Use longRunningTasksCounts to identify objects that can be optimized to improve page load performance. If any of these tasks occur before site content loads, improve those processes first.

You can find longRunningTasksCount in Synthetics, tracked by a count of how many instances occur per page. These are captured in Synthetics alongside firstPaint and firstContentfulPaint metrics.

Measure how fast your site displays content, and how much lag it has, with paint timing metrics and long-running tasks in Synthetics.

They’re also available for query within New Relic One dashboards.

Example query: Track how many long-running tasks you have, per URL

FROM SyntheticRequest SELECT count(longRunningTasksCount) WHERE isNavigationRoot IS TRUE FACET URL

Three key uses for interactivity and perceived performance metrics

Ultimately, your users demand that you pay attention to the performance of your website. From measuring when your page first displays a background or content to the length of time before your users can interact with the site to fine-tuning your site’s responsiveness by understanding how your code impacts the browser’s main thread—there’s a lot of work to be done.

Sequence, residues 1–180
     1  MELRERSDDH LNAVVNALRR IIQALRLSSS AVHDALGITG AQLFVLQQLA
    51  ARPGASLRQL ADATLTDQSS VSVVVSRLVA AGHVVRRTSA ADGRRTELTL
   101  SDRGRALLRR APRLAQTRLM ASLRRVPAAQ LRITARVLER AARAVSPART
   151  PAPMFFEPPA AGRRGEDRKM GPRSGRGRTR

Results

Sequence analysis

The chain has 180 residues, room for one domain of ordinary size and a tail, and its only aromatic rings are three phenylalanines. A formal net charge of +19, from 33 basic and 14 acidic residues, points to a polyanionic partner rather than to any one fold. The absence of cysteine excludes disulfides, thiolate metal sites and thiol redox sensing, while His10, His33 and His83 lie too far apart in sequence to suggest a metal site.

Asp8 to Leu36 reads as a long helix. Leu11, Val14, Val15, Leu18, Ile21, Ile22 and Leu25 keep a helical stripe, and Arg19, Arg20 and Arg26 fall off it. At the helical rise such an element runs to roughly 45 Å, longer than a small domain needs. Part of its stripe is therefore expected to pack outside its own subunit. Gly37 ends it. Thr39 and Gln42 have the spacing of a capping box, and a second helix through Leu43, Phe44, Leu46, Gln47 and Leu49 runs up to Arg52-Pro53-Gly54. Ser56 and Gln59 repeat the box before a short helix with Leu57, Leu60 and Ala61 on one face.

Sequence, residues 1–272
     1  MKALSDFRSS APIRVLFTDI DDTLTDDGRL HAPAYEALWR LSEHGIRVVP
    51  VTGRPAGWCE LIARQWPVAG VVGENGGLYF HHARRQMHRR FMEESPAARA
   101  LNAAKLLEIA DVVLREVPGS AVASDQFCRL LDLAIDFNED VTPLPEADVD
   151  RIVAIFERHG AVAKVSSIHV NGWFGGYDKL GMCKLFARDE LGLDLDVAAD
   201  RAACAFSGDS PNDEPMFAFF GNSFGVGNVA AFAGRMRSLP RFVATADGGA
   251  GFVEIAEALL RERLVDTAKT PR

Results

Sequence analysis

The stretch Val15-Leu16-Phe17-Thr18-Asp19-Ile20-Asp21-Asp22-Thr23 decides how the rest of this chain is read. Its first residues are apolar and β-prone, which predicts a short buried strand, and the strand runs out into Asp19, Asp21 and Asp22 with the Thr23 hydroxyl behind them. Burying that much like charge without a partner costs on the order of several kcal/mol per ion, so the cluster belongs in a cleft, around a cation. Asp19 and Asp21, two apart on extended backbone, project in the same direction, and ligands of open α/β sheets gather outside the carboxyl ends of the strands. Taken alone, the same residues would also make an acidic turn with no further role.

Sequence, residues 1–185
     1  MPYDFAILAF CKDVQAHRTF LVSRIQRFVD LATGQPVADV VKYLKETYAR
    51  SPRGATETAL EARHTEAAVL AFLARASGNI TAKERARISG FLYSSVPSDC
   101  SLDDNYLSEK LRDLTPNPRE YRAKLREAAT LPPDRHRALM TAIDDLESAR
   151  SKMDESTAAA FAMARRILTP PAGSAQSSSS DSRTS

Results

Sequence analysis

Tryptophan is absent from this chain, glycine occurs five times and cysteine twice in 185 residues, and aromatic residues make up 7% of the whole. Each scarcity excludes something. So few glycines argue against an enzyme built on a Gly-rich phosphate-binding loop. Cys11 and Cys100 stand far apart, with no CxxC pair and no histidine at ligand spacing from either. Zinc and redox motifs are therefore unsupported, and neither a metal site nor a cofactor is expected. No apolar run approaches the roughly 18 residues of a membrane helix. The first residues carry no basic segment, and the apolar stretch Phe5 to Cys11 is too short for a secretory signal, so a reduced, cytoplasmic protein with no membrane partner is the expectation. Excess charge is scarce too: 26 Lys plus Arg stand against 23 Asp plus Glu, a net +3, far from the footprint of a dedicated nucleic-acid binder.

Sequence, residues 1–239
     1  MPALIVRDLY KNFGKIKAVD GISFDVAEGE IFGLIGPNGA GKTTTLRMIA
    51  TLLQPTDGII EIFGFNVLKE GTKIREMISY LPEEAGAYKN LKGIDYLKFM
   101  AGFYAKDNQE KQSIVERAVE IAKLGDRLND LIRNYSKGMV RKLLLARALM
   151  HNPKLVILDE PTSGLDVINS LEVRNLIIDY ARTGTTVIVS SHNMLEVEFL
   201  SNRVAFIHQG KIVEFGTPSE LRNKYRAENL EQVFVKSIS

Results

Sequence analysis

Here are three ways to use interactivity metrics alongside perceived performance metrics:

  1. Improve customer experience. Correlate perceived performance metrics to larger business KPIs and find direct links between how fast your pages display content and the amount of page views you receive; or compare how quickly your pages were ready for interaction to the amount of ads clicked in a given time period. Benchmark such customer-centric experiences, and use those measurements to plan longer-term web page optimization projects.
  2. Eliminate performance issues in pre-production and monitor them in production. Use synthetic monitors in a staging environment to ensure that new code doesn’t negatively impact your users.
    • Write code, utilizing performance budgets.
    • Test code in a lab environment using synthetic monitoring and proactively eliminate issues by identifying them before a deployment.
    • Deploy code and use alerts and telemetry data to immediately identify regressions.
    • Deploy real user monitoring in production environment to measure your true customer experience across geographies, devices, and networks.
  3. Perform competitive benchmarking. If possible, allocate resources to your web development teams to enhance page speed optimization. Understand where you stand compared to your competition and plan to be at least 20% faster for good measure.

Interested in learning more about how New Relic supports the digital customer experience? Review this best practices guide for monitoring web and mobile sites.

Mat Ball is a product marketing manager at New Relic focused on the impact of frontend web applications to business and customer experience outcomes. Previously, Mat worked for SOASTA, where he marketed their data science product. View posts by .